On the day her husband left for Iraq on his third tour in six years, Jennifer James slipped into the shower to cry, thinking no one would hear her.
She was wrong. “Mom, it’s OK. We’ve been through this before,” her then 8-year-old son Bradley said through the door.
Frequent and extended troop deployments to Iraq and Afghanistan are stressing not only those on the battlefield but also their families at home. The military is paying close attention — as are counselors, researchers and family advocates — particularly as troops return to the war zones for a third, fourth and fifth time.
“They’re exhausted, they’re frustrated at the lack of predictability in their lives, especially with the extensions. Every deployment gets harder and harder,” said Joyce Raezer, head of the National Military Families Association in Alexandria, Va.
Spouses know when they marry a soldier, Marine, sailor or airman that there’s a good chance their husband or wife will be deployed.
Still, it’s tough on families even under the best of circumstances. Most families get by without major problems, but many are seeking help from chaplains, psychologists, psychiatrists, and counselors.
The stay-behind parent must raise children single-handedly, sometimes while working a full-time job. Spouses and children worry about their loved ones getting killed or injured.
Such stress factors are now compounded by how often they’re sent to war zones. Troops are getting little time at home — a year if they’re lucky — between trips, denying families opportunities to reset their lives.
“What’s happening now is families don’t dare to think about getting back to normal because they know they can’t get back to normal,” said retired Army Col. David Fenell, a counselor education professor at the University of Colorado at Colorado Springs.
Get to know each other, again
Each time a service member returns, couples must get to know each other again, negotiating the ways each may have changed during their separation. Unresolved disputes they may have had over finances, or the raising of their children, may resurface. Children must reacquaint themselves with a parent.
James, 32, who works part time, copes by being active in the community. She serves on the boards of two spouse clubs and is an instructor for an Army community program, helping newcomers adjust to military life. She says she’s motivated by the support of those around her and knowing that fellow spouses could use some cheering up.
“There are days when I don’t want to get out of bed. I think we’ve all been there,” she said. However, she adds, “I feel like I always have the option of getting up and making a difference.”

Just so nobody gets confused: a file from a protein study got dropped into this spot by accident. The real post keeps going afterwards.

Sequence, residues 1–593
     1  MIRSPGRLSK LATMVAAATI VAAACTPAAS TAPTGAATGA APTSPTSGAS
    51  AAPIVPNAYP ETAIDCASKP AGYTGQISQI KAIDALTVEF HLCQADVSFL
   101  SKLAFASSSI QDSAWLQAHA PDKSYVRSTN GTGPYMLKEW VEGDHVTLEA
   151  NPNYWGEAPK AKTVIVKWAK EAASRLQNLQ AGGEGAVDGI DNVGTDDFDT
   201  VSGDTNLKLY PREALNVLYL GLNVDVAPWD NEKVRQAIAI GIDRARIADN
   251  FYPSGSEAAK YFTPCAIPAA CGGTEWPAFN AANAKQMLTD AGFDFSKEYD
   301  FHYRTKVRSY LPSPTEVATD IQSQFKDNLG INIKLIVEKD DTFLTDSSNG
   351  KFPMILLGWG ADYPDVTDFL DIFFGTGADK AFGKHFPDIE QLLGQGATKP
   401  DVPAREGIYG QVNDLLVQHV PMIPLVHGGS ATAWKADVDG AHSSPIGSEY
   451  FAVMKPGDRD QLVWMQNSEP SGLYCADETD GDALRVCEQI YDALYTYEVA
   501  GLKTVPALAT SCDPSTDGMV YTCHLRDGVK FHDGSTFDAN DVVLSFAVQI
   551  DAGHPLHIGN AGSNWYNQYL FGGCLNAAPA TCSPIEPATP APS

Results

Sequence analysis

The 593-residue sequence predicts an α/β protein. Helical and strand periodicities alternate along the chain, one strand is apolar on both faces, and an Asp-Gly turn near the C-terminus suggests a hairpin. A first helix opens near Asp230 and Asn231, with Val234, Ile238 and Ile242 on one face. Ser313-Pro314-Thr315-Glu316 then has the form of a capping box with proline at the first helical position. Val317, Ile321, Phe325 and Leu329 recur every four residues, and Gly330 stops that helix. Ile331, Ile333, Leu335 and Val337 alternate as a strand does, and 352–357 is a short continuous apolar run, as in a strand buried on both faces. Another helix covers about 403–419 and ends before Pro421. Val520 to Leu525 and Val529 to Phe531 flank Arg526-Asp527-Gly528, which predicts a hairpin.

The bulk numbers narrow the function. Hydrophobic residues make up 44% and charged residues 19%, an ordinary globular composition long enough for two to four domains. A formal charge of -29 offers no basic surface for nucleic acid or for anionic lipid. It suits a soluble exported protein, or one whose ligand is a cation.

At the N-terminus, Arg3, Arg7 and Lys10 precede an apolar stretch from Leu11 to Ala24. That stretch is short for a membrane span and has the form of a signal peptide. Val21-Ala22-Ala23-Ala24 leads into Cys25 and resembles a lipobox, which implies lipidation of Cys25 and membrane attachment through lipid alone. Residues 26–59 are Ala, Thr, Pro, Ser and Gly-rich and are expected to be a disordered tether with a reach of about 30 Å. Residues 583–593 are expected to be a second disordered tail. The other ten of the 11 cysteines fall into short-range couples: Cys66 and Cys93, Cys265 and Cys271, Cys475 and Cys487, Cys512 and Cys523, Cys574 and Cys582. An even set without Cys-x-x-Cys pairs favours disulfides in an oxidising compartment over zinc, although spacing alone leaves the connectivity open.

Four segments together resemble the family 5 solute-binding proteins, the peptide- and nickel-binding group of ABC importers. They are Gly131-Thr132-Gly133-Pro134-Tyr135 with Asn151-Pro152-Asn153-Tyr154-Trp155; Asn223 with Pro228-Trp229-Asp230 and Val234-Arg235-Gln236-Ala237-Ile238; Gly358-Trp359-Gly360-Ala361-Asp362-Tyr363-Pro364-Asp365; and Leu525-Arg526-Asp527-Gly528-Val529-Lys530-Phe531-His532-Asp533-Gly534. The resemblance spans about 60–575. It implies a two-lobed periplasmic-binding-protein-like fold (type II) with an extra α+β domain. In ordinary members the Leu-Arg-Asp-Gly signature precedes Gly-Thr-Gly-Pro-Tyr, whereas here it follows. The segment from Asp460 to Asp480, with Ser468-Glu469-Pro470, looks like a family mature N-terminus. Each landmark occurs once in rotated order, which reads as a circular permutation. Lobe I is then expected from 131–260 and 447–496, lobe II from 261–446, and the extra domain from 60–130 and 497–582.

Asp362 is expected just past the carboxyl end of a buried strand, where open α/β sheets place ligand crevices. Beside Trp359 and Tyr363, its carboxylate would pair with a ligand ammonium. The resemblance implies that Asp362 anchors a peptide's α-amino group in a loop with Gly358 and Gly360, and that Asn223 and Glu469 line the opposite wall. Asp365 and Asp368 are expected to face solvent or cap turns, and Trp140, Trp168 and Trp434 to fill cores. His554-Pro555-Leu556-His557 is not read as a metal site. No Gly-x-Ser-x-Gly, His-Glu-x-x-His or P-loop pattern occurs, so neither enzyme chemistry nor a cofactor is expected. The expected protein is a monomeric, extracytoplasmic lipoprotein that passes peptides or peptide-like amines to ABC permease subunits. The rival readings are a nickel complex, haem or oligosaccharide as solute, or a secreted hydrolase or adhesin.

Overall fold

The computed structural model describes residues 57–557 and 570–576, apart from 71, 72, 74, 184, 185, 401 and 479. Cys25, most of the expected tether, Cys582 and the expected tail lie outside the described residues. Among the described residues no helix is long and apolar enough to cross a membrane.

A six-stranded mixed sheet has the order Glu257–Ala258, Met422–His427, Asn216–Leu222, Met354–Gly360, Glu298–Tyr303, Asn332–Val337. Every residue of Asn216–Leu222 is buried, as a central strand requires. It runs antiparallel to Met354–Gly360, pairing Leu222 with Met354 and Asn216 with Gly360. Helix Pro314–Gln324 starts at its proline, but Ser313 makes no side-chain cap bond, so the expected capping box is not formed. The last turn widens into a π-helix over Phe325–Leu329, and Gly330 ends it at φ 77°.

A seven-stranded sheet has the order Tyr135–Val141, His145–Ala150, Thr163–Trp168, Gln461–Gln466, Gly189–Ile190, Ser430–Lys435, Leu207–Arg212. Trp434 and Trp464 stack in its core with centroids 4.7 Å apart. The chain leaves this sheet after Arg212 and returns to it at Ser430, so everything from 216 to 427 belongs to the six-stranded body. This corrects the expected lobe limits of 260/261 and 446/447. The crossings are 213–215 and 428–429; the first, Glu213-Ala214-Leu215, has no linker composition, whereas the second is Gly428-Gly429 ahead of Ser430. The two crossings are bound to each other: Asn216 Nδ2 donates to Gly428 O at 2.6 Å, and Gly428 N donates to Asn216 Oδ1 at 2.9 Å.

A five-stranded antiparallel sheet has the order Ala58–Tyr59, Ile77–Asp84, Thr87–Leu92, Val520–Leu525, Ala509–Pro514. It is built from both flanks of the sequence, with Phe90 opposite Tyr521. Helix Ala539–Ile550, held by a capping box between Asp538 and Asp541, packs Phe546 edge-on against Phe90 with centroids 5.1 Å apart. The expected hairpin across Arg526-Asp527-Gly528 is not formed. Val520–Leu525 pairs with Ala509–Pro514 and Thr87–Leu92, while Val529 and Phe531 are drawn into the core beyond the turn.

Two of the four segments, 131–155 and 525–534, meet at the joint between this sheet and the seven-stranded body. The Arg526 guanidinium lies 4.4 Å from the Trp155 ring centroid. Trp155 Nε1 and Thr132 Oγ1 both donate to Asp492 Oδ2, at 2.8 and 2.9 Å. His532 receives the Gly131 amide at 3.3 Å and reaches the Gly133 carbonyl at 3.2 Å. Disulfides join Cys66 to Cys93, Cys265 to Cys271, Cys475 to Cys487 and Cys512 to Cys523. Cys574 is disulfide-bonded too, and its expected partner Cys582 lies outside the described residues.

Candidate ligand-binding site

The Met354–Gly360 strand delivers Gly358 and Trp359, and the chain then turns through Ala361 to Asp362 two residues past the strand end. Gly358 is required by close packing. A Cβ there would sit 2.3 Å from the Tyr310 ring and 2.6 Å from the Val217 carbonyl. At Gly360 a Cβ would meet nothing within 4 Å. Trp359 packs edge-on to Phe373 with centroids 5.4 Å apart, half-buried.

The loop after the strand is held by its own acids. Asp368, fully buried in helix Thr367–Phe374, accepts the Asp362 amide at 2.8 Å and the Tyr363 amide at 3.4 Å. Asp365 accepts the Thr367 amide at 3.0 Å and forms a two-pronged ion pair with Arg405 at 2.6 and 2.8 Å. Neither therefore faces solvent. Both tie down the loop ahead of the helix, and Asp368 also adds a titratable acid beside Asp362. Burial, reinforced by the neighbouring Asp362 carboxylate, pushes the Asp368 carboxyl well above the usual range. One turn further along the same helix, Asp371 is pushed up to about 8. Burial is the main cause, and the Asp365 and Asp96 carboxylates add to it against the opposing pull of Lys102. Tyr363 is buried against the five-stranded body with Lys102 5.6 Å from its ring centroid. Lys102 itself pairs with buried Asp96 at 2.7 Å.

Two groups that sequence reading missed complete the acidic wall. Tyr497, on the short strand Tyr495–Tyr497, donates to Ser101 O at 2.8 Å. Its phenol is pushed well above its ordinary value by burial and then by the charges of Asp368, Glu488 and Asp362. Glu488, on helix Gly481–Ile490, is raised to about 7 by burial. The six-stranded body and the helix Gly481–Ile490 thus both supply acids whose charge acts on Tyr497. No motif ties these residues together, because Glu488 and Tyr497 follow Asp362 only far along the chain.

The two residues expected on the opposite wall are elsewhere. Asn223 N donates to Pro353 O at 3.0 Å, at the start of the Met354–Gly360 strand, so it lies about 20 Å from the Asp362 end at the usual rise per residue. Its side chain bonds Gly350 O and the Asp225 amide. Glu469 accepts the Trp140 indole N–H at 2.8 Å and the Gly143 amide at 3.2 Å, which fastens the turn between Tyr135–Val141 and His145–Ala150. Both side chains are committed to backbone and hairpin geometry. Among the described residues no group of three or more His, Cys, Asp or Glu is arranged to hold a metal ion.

Earlier this year, James’ son, Bradley, wrote a short essay titled “How to Get Through a Deployment.” Bradley, who turned nine in June — the third birthday he’s celebrated without his father — suggests that kids talk about their parent’s deployment with friends and family, or read books and play with friends to take their mind off it for a while.
“We’re both going through the same thing,” his mother said.
Her husband was originally due to return from Iraq with the 25th Infantry Division sometime this summer, a year after he left Hawaii. But in April, his deployment was extended by three months, and he won’t be back until the fall.
Wives 'on edge'
Nichcole DeKok, whose husband is also in Iraq, said all the 60-plus women in the family group she leads have sought counseling at least once — including herself.
“My wives are so on edge — they’re young wives, they’re young moms. They don’t know what to do,” said DeKok, 31.
Alcohol abuse tends to rise among family members during deployments, said Shelley M. MacDermid, director of the Military Family Research Institute at Purdue University. So do gambling, smoking, and drug addictions, she said.
Pregnant women with deployed husbands have 2.8 times as much risk of developing postpartum depression as other pregnant women, say researchers at San Diego’s Naval Medical Center. A study in the Journal of the American Medical Association last month said mothers were three times more likely to mistreat their children when their soldier husbands were deployed than when the fathers were home.
The Army recently added $8 million to its respite child care program, and it plans to hire more than 1,000 additional support staff for families.
“Families are sort of the backbone of our soldiers. That’s what holds you together,” said Maj. Gen. Carla Hawley-Bowland, head of the Pacific Regional Medical Command.
Bradley James spoke softly when asked what advice he had for other military children waiting for a parent to come home.
“You just need to stay calm, and be positive that God will always take care of our family members and everybody else in the Army,” the fourth-grader said.